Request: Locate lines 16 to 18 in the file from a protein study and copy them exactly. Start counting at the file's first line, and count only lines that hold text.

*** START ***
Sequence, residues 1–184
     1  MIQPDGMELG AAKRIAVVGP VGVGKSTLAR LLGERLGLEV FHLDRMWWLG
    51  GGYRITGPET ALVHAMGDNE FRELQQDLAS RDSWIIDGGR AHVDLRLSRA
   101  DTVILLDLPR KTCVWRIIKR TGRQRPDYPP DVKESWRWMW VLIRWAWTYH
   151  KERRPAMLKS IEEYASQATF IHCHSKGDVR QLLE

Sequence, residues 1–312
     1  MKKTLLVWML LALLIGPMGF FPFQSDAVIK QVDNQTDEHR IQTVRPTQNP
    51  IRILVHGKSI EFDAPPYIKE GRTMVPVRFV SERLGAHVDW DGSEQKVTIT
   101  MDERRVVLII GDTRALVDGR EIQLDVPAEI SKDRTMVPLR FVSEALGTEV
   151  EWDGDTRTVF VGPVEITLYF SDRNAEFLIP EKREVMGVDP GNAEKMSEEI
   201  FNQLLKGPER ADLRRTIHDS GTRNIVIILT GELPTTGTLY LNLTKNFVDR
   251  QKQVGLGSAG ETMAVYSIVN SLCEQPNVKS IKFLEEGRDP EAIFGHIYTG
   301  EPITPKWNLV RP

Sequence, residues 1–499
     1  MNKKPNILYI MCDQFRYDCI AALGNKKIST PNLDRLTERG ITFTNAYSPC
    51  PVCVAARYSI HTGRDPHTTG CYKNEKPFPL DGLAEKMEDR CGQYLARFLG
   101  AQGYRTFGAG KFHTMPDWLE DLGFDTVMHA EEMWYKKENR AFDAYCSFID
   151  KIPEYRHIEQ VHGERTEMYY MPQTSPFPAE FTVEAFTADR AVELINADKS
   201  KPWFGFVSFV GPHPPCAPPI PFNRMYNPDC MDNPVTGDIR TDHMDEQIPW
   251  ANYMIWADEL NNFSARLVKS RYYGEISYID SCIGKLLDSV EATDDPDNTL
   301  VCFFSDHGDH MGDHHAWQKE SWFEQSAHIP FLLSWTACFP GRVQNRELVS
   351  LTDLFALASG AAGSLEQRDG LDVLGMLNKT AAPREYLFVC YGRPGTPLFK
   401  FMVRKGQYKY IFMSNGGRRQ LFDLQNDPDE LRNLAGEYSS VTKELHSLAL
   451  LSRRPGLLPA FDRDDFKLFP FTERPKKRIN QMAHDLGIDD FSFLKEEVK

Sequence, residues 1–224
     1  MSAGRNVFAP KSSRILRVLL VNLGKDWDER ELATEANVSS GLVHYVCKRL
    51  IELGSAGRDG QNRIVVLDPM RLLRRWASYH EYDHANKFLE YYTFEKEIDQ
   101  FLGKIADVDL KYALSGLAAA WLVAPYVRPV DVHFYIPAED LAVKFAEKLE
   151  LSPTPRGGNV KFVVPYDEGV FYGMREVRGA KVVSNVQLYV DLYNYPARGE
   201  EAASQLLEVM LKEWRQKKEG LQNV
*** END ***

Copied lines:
    51  PVCVAARYSI HTGRDPHTTG CYKNEKPFPL DGLAEKMEDR CGQYLARFLG
   101  AQGYRTFGAG KFHTMPDWLE DLGFDTVMHA EEMWYKKENR AFDAYCSFID
   151  KIPEYRHIEQ VHGERTEMYY MPQTSPFPAE FTVEAFTADR AVELINADKS